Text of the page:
Nuclear proteins were prepared by using a compartmental protein extraction kit (Chemicon, Temecula, CA, USA) according to the manufacturer's protocol. NF-κB activation was assayed using Active Motif (Carlsbad, CA, USA) ELISA-based transactivation TransAM kit containing a 96-well plate with immobilized oligonucleotides encoding an NF-κB consensus site (5′-GGGACTTTCC-3′). The active form of NF-κB contained in the nuclear extract specifically binds to this oligonucleotide. The primary antibody used to detect NF-κB recognizes an epitope on p65 that is accessible only when NF-κB is activated and bound to its target DNA. A horseradish peroxidase (HRP)-conjugated secondary antibody provides a sensitive colorimetric readout that is quantified by a spectrophotometer at 450 nm with a reference wavelength of 655 nm. For competition experiments, NF-κB wild type and mutated consensus oligonucleotides were used at a concentration of 40 pmol per well.

Statistical analysis

Results are expressed as mean ± SEM. Statistical analysis was performed using unpaired t-test, p-values < 0.05 were considered statistically significant.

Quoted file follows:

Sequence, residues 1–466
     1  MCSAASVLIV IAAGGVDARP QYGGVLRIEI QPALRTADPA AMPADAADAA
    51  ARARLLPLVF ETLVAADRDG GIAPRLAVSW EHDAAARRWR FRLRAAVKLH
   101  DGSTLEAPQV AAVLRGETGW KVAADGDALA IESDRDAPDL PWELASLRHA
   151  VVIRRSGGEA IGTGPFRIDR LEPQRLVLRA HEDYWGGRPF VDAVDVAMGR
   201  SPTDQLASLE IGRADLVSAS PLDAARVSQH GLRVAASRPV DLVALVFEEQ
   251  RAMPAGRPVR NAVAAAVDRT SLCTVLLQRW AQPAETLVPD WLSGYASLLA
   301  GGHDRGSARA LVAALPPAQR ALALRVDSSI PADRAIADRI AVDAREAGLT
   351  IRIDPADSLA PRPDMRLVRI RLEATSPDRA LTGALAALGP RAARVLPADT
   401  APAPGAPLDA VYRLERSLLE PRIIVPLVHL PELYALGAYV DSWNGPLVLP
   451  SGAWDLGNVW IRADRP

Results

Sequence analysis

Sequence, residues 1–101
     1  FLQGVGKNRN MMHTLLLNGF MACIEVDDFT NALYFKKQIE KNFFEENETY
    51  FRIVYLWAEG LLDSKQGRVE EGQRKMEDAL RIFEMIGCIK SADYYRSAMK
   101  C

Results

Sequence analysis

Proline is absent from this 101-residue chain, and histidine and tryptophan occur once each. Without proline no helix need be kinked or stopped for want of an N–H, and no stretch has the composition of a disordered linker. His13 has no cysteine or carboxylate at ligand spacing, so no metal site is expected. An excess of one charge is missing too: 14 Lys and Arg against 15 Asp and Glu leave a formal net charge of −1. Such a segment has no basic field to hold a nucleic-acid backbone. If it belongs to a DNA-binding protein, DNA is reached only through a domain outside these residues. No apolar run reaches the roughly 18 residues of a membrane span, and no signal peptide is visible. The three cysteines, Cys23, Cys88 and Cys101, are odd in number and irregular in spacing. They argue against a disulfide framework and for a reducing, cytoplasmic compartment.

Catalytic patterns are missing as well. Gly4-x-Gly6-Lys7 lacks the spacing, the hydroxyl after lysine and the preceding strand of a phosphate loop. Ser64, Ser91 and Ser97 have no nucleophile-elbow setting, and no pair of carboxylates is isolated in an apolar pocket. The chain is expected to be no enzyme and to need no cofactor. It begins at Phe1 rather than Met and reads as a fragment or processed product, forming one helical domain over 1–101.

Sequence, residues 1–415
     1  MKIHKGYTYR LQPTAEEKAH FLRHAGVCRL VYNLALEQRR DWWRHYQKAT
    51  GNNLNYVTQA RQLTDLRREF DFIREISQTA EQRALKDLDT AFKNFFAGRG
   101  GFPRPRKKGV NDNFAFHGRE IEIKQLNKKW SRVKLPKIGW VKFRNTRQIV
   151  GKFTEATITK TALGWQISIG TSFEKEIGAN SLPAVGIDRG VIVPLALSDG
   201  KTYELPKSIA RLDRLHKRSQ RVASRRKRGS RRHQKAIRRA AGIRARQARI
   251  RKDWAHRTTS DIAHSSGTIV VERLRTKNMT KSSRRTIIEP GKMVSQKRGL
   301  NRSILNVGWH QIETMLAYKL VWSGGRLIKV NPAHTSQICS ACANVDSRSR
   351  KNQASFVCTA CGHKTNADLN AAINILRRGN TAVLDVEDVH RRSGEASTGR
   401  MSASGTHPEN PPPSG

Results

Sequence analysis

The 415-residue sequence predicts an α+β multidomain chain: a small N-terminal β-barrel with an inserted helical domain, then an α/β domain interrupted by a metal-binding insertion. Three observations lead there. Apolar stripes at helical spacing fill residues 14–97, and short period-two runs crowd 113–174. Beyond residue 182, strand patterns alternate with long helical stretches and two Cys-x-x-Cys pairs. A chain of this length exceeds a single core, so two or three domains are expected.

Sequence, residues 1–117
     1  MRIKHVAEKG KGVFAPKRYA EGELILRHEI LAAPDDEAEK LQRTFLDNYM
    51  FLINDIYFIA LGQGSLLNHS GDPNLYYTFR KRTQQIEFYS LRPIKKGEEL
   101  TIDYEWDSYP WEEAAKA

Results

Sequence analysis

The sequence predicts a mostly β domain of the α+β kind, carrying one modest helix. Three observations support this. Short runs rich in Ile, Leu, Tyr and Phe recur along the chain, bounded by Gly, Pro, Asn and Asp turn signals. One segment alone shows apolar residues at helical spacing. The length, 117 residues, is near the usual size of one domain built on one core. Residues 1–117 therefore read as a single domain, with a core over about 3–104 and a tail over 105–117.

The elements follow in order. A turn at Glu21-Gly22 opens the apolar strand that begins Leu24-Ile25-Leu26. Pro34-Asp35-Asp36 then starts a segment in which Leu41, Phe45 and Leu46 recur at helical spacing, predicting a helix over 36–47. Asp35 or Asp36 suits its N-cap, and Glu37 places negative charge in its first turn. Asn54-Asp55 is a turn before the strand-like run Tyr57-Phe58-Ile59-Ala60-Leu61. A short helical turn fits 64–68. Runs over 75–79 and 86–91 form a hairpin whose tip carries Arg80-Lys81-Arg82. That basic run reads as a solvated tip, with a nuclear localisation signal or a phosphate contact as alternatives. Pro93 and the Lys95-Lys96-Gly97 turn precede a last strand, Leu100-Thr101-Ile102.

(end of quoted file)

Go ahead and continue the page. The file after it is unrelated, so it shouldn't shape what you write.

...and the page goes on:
Results

Brain prostaglandin concentrations in wild type and COX-1–/– mice

To examine the effect of COX-1-deficiency on COX-derived products, the concentrations of PGE2 and TXB2 were determined in microwaved brains of wild type and COX-1–/– mice. Endogenous brain PGE2 levels showed a 36.6% increase (p < 0.05) in COX-1–/– mice (Fig. 1a). In contrast, brain TXB2 levels were decreased by 64.8% (p < 0.05) in COX-1–/– compared with wild type mice (Fig. 1b).

Figure 1.

 Brain endogenous PGE2 (a) and TXB2 (b) levels in wild type and COX-1–/– mice. Prostaglandins were analyzed using specific immunoassay kits. Results are expressed as mean ± SEM of eight independent samples, each assayed in duplicate. *p < 0.05 vs. wild type.

Compensatory increase in the protein expression of COX-2 in COX-1–/– mice

To see whether there was a compensatory activation of the reciprocal isoenzyme in COX-1–/– mice, we examined gene and protein expression of COX-2 in wild type and COX-1–/– mice using real-time PCR and Western blot analysis. COX-2 protein level was significantly increased in COX-1–/– mice (p < 0.05, Fig. 2b). However, the expression of COX-2 mRNA was not significantly changed (Fig. 2a), suggesting that the compensatory effects on COX-2 occurred at the post-transcriptional level. Supporting the observation of increased COX-2 protein level, COX-2 activity also was increased in COX-1–/– mice compared with wild type (p < 0.05, Fig. 2c).

Figure 2.